Today, Tokyo Commodity Exchange (TOCOM) is Japan’s largest and one of Asia’s most prominent commodity futures exchanges including that of rubber. Apart from rubber, it operates electronic markets for precious metals, oil and soft commodities.
The Singapore Commodity Exchange (SICOM) is a key commodity exchange for the trading of two of the world’s most important commodities, coffee and rubber. The Exchange offers market participants, the trading of rubber futures contracts on its electronic platform, e-SICOM, a fully integrated clearing and settlement system.
What experts say
Commenting on the advent of futures trading, Pradeep Mishra, Head-Research, Indian Commodity Exchange Limited, says “As a major consumer of the rubber, Japan sensed the need to provide effective market-based instruments to its user industry and hence commenced futures trading in rubber way back in 1952 on TOCOM. At present, major futures market for rubber are in Japan (TOCOM), China (SHFE), Singapore (SICOM) and India (ICEX).
According to him, over the last eight years, the price of rubber has remained in a bearish phase with significant volatility. As producers, farmers are the most exposed to the bearish price cycle they have felt the necessity of price hedging. Rightly so, it is the farmers and value chains upward from there are active in ICEX for trade and price risk management. Farmer’s cooperatives and rubber dealers/traders are actively trading and delivering on the exchange platform.
The Singapore Exchange (SGX) will be shortly launching a new rubber futures options contract for the rubber industry and the commodity market at large for traders, consumers and processors to trade and hedge their physical rubber. This new derivatives tool can be a complex instrument. His article is to give the reader a good basic understanding of the fundamentals of Options trading and its benefits for Rubber Producers, Consumers and Traders, says Patrick Yeo Ek Meng, Director of Global Commodities Sales, Straits Financial Group, Singapore.
According to him, an options contract is similar to buying an insurance policy. It gives the buyer the right to own the underlying asset or futures contract when he/she exercises it. The buyer of an option has the right to buy or to sell the underlying asset depending on his view of the market. Because of this right, he is required to pay an amount to the seller and this amount is known as the Premium.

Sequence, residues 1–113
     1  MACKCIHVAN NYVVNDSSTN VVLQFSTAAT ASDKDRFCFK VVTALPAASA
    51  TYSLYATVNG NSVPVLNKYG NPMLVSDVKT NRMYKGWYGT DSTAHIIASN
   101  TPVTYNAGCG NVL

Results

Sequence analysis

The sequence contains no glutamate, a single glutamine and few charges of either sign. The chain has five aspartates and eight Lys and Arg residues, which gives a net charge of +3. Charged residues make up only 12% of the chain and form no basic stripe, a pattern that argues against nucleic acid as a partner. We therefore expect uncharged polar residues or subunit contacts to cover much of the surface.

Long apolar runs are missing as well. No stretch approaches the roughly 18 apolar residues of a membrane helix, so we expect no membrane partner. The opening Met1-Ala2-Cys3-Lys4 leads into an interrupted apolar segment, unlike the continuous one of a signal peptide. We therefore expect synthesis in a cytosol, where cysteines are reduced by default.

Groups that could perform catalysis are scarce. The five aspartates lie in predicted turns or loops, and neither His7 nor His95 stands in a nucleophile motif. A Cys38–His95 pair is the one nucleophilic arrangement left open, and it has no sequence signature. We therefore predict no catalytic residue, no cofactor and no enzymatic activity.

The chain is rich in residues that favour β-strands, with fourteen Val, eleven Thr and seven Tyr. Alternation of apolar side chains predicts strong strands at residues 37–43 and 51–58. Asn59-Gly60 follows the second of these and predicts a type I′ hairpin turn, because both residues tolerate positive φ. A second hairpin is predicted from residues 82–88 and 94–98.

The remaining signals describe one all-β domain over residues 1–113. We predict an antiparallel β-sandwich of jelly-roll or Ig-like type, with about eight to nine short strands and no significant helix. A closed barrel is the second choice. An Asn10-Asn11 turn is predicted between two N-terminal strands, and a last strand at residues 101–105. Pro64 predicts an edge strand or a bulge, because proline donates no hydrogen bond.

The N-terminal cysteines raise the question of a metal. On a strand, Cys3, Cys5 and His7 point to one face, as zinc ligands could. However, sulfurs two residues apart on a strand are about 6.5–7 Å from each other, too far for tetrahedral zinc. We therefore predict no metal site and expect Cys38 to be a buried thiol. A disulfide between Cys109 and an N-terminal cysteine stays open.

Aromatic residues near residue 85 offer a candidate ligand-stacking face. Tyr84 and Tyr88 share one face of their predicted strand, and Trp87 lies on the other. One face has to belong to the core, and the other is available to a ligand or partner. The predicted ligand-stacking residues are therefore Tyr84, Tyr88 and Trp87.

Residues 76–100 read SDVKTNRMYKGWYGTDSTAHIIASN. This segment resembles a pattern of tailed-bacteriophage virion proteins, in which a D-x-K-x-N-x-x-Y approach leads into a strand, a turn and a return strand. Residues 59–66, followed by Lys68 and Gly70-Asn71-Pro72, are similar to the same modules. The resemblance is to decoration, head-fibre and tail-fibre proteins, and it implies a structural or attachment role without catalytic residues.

By definition, an Option is a contractual agreement contingently (upon) to buy or sell a particular asset or a futures contract for a specified price within a specified time period. Buyers of Options, although has limited risks from the premium paid, there is one major disadvantage and that is the decay of the premium over time. The premium diminishes in value as it go closer to expiration and converged to zero value upon expiration. As options are wasting assets due to the lost in value over time. It is important to understand the rate of decay over time.
Achieving cost efficient procurement or revenue maximizing marketing is a core strategic objective of buyers and sellers. Assessing the outlook for the supply and demand of natural rubber provides an initial view of the market’s balance, inferring forecasts for prices and trade flows, which can subsequently guide the future pricing of manufactured products or production planning.
In addition, buyers and sellers can generate additional value by understanding the spot and term price discovery process and structuring a trading portfolio that optimizes price, volumetric optionality and exposure to market, liquidity and counterparties’ risks. Buyers and sellers need to structure their portfolios to achieve optimal risk adjusted returns. This includes managing security of supply through long term contracts, participating in the price discovery process through a mix of spot and term contracts, and managing price risk through rolling exchange term contracts for hedging.
Buyers and sellers have a significant opportunity to enhance their commercial strategies for procurement or marketing by actively managing their portfolio mix and contractual structures to benefit from price dynamics and relative spreads across different exchanges. However, not all exchange contracts are equivalent.
(Inputs courtesy: www.researchgatenet, www.accenture.com, Patrick Yeo, Straits Financial Group, Pradeep Mishra, ICEX, N Radhakrishnan, Cochin Rubber merchants Association).